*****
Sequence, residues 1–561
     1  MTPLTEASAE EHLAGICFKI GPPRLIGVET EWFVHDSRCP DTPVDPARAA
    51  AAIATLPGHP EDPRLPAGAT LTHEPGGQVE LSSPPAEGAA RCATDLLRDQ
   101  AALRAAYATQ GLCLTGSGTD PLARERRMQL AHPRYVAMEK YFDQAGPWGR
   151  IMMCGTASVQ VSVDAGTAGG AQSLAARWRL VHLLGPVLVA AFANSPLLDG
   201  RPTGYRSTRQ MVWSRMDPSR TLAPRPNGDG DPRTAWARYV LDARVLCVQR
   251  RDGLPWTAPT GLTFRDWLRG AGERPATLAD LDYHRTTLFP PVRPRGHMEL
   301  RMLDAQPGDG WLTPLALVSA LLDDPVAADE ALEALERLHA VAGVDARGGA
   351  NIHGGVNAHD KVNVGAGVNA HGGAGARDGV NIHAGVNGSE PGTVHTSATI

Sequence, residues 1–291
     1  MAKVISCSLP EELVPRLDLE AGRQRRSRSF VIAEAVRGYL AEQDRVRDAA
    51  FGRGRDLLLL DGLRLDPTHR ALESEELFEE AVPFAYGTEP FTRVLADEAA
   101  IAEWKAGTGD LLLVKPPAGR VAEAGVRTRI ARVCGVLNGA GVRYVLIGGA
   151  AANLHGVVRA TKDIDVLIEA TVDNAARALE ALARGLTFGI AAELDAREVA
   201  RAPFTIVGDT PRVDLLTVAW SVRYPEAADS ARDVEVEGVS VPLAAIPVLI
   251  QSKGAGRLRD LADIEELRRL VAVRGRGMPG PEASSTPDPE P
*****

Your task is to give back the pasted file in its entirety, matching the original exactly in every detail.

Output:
Sequence, residues 1–561
     1  MTPLTEASAE EHLAGICFKI GPPRLIGVET EWFVHDSRCP DTPVDPARAA
    51  AAIATLPGHP EDPRLPAGAT LTHEPGGQVE LSSPPAEGAA RCATDLLRDQ
   101  AALRAAYATQ GLCLTGSGTD PLARERRMQL AHPRYVAMEK YFDQAGPWGR
   151  IMMCGTASVQ VSVDAGTAGG AQSLAARWRL VHLLGPVLVA AFANSPLLDG
   201  RPTGYRSTRQ MVWSRMDPSR TLAPRPNGDG DPRTAWARYV LDARVLCVQR
   251  RDGLPWTAPT GLTFRDWLRG AGERPATLAD LDYHRTTLFP PVRPRGHMEL
   301  RMLDAQPGDG WLTPLALVSA LLDDPVAADE ALEALERLHA VAGVDARGGA
   351  NIHGGVNAHD KVNVGAGVNA HGGAGARDGV NIHAGVNGSE PGTVHTSATI

Sequence, residues 1–291
     1  MAKVISCSLP EELVPRLDLE AGRQRRSRSF VIAEAVRGYL AEQDRVRDAA
    51  FGRGRDLLLL DGLRLDPTHR ALESEELFEE AVPFAYGTEP FTRVLADEAA
   101  IAEWKAGTGD LLLVKPPAGR VAEAGVRTRI ARVCGVLNGA GVRYVLIGGA
   151  AANLHGVVRA TKDIDVLIEA TVDNAARALE ALARGLTFGI AAELDAREVA
   201  RAPFTIVGDT PRVDLLTVAW SVRYPEAADS ARDVEVEGVS VPLAAIPVLI
   251  QSKGAGRLRD LADIEELRRL VAVRGRGMPG PEASSTPDPE P